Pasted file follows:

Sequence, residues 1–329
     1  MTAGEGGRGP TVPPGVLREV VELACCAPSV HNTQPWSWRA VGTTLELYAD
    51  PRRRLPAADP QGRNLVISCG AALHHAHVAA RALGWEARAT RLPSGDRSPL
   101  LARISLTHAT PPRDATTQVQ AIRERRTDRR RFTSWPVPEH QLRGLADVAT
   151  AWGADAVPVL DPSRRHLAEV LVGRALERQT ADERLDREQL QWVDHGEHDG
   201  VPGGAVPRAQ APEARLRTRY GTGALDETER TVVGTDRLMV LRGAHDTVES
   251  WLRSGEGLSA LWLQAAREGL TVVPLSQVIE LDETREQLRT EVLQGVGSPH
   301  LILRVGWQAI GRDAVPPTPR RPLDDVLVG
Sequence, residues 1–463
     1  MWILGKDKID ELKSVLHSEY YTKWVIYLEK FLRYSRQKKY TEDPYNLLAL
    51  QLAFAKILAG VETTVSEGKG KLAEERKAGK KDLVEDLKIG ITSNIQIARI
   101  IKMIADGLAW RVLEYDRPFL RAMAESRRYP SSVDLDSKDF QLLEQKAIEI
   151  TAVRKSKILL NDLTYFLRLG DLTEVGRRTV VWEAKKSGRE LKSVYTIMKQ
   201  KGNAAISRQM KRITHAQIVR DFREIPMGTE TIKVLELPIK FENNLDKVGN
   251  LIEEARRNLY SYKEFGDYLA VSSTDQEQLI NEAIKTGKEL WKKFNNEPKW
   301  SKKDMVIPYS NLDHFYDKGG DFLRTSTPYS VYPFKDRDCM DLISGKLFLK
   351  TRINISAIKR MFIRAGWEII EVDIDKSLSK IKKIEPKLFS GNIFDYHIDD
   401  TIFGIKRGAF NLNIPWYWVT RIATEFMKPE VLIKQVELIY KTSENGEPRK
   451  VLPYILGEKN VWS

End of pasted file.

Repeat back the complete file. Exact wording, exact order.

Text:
Sequence, residues 1–329
     1  MTAGEGGRGP TVPPGVLREV VELACCAPSV HNTQPWSWRA VGTTLELYAD
    51  PRRRLPAADP QGRNLVISCG AALHHAHVAA RALGWEARAT RLPSGDRSPL
   101  LARISLTHAT PPRDATTQVQ AIRERRTDRR RFTSWPVPEH QLRGLADVAT
   151  AWGADAVPVL DPSRRHLAEV LVGRALERQT ADERLDREQL QWVDHGEHDG
   201  VPGGAVPRAQ APEARLRTRY GTGALDETER TVVGTDRLMV LRGAHDTVES
   251  WLRSGEGLSA LWLQAAREGL TVVPLSQVIE LDETREQLRT EVLQGVGSPH
   301  LILRVGWQAI GRDAVPPTPR RPLDDVLVG
Sequence, residues 1–463
     1  MWILGKDKID ELKSVLHSEY YTKWVIYLEK FLRYSRQKKY TEDPYNLLAL
    51  QLAFAKILAG VETTVSEGKG KLAEERKAGK KDLVEDLKIG ITSNIQIARI
   101  IKMIADGLAW RVLEYDRPFL RAMAESRRYP SSVDLDSKDF QLLEQKAIEI
   151  TAVRKSKILL NDLTYFLRLG DLTEVGRRTV VWEAKKSGRE LKSVYTIMKQ
   201  KGNAAISRQM KRITHAQIVR DFREIPMGTE TIKVLELPIK FENNLDKVGN
   251  LIEEARRNLY SYKEFGDYLA VSSTDQEQLI NEAIKTGKEL WKKFNNEPKW
   301  SKKDMVIPYS NLDHFYDKGG DFLRTSTPYS VYPFKDRDCM DLISGKLFLK
   351  TRINISAIKR MFIRAGWEII EVDIDKSLSK IKKIEPKLFS GNIFDYHIDD
   401  TIFGIKRGAF NLNIPWYWVT RIATEFMKPE VLIKQVELIY KTSENGEPRK
   451  VLPYILGEKN VWS